This week: Call of Duty: Black Ops 2
The annual release of the variously titled Call of Duty video games has become, for pupils and teachers alike, a calendar fixture on a par with birthdays, the end of term and even Christmas. Such is the hype that greets these "shoot 'em up" games each year.
Black Ops 2, the ninth game in the Call of Duty series, is expected to become the highest selling game in history, beating the record set by the previous instalment, Modern Warfare 3. But while computer game bosses and supermarkets will be rubbing their hands with glee, parents, teachers and even teachers' partners will be cursing the launch of the game earlier this week, which is partly set in 2025 during a second Cold War.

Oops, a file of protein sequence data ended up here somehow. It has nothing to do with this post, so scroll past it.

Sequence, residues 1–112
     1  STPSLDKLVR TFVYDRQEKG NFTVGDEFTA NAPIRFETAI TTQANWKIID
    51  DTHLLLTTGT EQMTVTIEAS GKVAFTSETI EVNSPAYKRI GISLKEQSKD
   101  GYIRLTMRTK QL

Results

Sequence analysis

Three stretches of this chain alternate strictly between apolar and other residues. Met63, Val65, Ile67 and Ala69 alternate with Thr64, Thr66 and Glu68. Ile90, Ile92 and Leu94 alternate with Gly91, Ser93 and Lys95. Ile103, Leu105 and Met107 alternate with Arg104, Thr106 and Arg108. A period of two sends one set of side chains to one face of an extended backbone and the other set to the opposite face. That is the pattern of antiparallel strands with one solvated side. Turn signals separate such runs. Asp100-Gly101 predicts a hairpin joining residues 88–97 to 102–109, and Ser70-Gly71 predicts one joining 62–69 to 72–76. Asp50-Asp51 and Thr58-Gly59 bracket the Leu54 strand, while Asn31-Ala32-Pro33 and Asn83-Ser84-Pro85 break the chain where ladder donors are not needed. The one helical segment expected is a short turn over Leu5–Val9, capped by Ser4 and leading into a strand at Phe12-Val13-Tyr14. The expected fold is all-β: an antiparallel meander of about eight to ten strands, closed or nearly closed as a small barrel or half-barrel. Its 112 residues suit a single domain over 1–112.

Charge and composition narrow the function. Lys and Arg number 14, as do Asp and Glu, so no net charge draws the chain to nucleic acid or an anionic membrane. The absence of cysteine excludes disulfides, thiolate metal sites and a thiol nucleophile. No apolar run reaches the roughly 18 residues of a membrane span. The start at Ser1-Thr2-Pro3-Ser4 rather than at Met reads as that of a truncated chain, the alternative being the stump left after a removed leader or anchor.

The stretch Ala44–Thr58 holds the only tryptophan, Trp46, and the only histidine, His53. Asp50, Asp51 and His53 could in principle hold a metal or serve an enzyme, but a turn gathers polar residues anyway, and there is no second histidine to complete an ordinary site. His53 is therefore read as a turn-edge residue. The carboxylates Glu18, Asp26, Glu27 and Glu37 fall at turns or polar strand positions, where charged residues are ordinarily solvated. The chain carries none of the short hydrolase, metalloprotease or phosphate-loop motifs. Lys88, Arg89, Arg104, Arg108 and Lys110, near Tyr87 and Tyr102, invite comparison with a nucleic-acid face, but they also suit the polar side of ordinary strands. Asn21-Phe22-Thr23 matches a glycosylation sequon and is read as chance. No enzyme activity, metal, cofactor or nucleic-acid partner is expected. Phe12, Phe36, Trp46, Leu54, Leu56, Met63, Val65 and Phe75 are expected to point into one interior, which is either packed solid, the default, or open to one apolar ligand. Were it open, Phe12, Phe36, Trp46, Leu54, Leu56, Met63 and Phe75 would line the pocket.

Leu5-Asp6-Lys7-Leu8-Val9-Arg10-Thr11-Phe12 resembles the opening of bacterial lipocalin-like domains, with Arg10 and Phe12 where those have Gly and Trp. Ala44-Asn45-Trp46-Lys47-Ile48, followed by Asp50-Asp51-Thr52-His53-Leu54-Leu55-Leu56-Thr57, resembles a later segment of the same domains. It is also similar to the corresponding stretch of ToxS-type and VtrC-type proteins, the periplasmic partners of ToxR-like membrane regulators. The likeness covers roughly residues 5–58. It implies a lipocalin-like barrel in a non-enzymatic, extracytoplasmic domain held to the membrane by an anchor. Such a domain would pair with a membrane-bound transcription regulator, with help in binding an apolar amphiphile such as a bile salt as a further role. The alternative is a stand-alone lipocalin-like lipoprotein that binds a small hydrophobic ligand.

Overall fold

Be prepared for grumpier pupils than usual, who are even less attentive in class having spent the previous 16 hours glued to their screens without blinking. And forget about setting homework for the next six months.
Heads should be extra vigilant when staff call in sick. The "sniffles" preventing Mr Smith from coming in to school could easily be a cover for a marathon gaming session, involving anything from nuclear bombs to helicopter gunships.
So, for distracting the country's pupils and their teachers, and for ruining any chance of conversation in the home, it is to the naughty step with you, Call of Duty.